Global Area Coverage (GAC) Images Decoded from NOAA Satellites

Thank you to @ZSztanga and @aang254 for submitting news about their recent success at decoding the L-Band Global Area Coverage (GAC) signal from polar orbiting NOAA satellites. GAC images are low resolution, and described by NOAA as follows:

Global Area Coverage (GAC) data set is reduced resolution image data that is processed onboard the satellite taking only one line out of every three and averaging every four of five adjacent samples along the scan line.

While it's low resolution, the interesting thing about this data is that you get an image of the entire orbit, not just the data from your current location as you'd receive with the standard 137 MHz APT or L-Band HRPT signal. The catch is that the signal is usually only transmitted over the USA, and you'll need a motorized or hand tracked L-Band satellite dish setup to receive it.

We note that GAC data is not to be confused with the Direct Sounding Broadcast (DSB) signal decoding software we posted about in 2020. 

@ZSztanga has provided some more information about what images are available and who can receive it, and @aang254's tweet below provides some images and additional information:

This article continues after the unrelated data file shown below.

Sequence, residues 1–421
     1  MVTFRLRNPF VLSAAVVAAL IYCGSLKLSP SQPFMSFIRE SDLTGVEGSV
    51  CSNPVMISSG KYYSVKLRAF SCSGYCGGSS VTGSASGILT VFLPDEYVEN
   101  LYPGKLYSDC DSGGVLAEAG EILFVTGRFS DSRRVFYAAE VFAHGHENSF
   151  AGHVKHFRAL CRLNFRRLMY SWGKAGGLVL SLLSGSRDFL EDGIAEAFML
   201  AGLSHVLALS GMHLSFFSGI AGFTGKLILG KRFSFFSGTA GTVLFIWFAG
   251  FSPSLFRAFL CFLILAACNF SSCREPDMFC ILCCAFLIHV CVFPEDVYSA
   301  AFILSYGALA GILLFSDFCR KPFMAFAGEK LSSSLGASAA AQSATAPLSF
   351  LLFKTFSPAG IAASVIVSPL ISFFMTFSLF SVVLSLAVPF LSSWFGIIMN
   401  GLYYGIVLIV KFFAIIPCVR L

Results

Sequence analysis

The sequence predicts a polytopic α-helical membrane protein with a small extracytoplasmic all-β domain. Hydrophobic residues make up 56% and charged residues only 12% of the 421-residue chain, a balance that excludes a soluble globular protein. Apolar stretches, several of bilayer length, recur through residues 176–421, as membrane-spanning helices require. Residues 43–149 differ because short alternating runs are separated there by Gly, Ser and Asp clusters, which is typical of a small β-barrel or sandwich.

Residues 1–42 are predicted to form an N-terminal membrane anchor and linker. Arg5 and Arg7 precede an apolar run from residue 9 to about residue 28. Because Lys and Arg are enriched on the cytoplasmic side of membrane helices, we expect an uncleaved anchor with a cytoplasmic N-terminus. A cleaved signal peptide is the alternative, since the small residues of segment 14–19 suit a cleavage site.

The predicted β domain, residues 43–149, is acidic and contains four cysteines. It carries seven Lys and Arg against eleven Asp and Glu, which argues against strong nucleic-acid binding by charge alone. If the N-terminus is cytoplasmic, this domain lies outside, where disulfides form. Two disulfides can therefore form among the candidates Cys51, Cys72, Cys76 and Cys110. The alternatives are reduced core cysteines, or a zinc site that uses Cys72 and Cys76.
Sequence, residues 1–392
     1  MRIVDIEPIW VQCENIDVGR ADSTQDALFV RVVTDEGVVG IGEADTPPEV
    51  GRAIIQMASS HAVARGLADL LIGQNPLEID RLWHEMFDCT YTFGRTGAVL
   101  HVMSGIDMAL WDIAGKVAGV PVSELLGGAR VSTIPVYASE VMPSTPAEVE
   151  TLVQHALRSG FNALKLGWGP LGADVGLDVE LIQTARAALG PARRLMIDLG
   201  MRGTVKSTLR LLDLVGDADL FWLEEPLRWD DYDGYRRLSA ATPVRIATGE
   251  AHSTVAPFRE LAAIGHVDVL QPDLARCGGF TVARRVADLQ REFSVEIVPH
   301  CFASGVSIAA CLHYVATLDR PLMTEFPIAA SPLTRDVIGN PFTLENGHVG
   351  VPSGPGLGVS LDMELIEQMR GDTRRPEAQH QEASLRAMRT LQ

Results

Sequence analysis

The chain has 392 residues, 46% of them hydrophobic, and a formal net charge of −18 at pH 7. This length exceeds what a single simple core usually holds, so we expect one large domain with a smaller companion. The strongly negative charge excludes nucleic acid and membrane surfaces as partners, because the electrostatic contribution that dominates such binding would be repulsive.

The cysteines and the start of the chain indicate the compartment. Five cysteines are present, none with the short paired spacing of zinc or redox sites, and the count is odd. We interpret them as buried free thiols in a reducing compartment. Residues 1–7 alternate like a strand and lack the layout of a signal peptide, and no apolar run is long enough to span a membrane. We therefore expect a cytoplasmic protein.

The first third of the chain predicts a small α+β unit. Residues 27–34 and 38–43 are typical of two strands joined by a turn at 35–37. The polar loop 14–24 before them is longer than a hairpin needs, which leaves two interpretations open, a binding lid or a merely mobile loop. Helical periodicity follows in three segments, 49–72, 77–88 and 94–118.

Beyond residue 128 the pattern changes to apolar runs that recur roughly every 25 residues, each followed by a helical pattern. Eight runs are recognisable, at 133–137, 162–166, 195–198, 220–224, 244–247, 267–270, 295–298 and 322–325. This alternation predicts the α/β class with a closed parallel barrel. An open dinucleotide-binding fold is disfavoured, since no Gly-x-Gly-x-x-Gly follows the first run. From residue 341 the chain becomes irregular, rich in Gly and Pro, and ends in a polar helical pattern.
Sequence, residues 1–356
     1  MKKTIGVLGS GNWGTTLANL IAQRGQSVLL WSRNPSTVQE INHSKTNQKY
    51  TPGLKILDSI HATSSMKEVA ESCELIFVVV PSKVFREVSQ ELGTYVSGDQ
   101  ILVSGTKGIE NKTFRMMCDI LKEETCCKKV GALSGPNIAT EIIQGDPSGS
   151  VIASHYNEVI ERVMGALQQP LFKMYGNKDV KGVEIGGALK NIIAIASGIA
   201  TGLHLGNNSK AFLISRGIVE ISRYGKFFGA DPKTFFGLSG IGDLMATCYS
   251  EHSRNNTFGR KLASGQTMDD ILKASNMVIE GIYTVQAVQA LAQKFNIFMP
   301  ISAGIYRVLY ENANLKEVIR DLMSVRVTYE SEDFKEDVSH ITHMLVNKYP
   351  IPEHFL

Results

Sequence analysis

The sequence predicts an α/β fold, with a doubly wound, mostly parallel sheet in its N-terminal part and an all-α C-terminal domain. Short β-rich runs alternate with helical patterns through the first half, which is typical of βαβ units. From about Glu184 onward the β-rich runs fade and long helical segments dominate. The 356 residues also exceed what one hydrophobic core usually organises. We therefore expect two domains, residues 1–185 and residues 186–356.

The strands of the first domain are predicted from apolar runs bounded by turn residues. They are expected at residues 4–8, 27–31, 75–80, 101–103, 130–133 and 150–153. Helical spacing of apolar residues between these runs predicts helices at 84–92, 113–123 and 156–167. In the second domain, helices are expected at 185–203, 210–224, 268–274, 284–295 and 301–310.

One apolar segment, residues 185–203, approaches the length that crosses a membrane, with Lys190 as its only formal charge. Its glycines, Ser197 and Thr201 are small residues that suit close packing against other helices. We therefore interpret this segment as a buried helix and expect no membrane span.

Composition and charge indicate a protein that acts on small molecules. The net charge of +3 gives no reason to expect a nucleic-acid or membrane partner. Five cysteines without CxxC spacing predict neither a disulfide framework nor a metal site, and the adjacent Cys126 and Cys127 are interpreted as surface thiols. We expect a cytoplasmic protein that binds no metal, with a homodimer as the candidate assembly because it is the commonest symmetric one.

With @aang254 we decoded GAC from NOAA satellites. It's basically a dump of reduced resolution data from the whole orbit. It includes all the instruments and is transmitted on L-band along with HRPT (mostly over USA, rarely above Europe and only NOAA-19 dumps outside the US). All the decoders are in SatDump.

There is also a schedule available (https://noaasis.noaa.gov/cemscs/polrschd.txt) that includes all the dumps in the upcoming week. It might be a bit hard to interpret, but basically there is a date and the ground station name (SVL stands for Svalbard and it is the only one receivable in Europe). Entries with "GAC" or "PBK" are referring to the GAC transmission.

We've also seen a tweet by @OK9UWU that shows a much longer image of a full orbit.

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